Back in 2008, two chemists died after exposure to trimethylsilyldiazomethane (TMSD): Jason Siddell, age 24 and employed at Gelest, and Roland Daigle, age 46 and employed at Sepracor Canada (now Sunovion Pharmaceuticals Canada). This year, the U.S. National Toxicology Program (NTP) is finally studying the compound's toxicity.
The U.S. Occupational Safety & Health Administration (OSHA) investigated Siddell's death. OSHA cited Gelest for violating hazard communication standards and fined the company $1,500. Daigle's case was investigated by the Nova Scotia Department of Labour & Advanced Education and the province filed five charges against Sepracor Canada. The company agreed to a deal that involved pleading guilty to one charge of failing to provide proper workplace ventilation and a $47,000 fine. A bit more detail about what happened to Daigle can be found in a case report published in Clin. Toxicol. 2009, DOI: 10.1080/15563650903076924 (abstract 48).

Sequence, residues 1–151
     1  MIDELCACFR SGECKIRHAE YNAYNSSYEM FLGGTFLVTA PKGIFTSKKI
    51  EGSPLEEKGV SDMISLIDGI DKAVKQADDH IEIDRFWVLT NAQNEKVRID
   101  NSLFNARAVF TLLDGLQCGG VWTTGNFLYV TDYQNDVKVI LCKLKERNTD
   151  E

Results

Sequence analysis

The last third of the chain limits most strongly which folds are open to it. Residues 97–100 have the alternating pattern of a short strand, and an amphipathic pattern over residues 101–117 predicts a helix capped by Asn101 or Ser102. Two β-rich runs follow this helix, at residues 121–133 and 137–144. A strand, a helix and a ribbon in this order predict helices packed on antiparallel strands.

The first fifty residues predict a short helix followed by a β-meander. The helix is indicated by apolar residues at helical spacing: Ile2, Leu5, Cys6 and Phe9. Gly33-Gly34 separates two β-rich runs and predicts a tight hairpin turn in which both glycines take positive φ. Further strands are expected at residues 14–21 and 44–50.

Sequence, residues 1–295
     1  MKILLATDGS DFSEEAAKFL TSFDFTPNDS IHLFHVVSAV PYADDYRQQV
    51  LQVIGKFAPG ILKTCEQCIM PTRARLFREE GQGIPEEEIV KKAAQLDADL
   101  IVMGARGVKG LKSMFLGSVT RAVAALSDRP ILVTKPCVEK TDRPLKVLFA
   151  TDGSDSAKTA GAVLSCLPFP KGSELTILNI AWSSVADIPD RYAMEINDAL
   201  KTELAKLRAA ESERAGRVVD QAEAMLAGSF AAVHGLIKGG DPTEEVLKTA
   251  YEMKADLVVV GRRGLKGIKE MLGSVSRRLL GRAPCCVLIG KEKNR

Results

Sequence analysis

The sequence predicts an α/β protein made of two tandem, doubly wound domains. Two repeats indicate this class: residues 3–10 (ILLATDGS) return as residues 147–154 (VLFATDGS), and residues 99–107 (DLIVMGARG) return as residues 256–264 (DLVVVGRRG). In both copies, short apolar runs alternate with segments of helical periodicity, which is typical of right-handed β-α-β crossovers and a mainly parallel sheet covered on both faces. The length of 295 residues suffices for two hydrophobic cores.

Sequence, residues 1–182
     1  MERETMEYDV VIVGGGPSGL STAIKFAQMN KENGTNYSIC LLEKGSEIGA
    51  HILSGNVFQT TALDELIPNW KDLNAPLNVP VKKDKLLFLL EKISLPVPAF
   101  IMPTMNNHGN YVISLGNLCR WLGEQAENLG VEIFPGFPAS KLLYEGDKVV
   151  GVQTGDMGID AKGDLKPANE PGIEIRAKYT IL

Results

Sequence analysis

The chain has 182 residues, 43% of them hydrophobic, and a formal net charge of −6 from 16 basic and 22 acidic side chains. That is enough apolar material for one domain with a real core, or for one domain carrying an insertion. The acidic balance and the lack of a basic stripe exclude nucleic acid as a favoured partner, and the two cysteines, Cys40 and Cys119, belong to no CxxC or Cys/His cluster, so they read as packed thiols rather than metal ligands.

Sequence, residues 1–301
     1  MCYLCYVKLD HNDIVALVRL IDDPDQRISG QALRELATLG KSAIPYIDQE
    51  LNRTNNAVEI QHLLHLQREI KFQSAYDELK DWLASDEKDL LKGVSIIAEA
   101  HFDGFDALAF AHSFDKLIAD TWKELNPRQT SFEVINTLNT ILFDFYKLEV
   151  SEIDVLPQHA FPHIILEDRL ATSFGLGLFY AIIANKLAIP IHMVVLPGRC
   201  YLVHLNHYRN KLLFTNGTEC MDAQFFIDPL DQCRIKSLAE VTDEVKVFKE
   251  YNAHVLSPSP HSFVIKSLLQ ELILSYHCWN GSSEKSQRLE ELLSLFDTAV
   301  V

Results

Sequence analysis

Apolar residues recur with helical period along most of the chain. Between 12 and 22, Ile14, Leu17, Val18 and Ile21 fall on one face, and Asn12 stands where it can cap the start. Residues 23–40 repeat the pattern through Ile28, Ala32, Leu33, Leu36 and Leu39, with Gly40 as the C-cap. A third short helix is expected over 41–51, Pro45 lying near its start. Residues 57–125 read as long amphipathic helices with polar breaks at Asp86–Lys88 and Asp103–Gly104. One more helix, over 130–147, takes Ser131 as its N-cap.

U.S. OSHA also nominated TMSD for study by NTP. As Derek Lowe has noted, many people believe TMSD is safer than diazomethane. TMSD is safer if you just consider explosive properties. But toxicologically, TMSD may be just as poisonous as diazomethane. The toxicology studies will say for sure. NTP is part of the National Institute of Environmental Health Sciences, and according to institute spokeswoman Robin Mackar, NTP has developed and validated an inhalation exposure system and plans to start acute toxicity studies in the fall. "The primary focus of these studies is to evaluate potential pulmonary toxicity, but other tissues will be assessed," Mackar adds. "Once the research and analysis is completed, the results will be published in a peer-reviewed journal publication."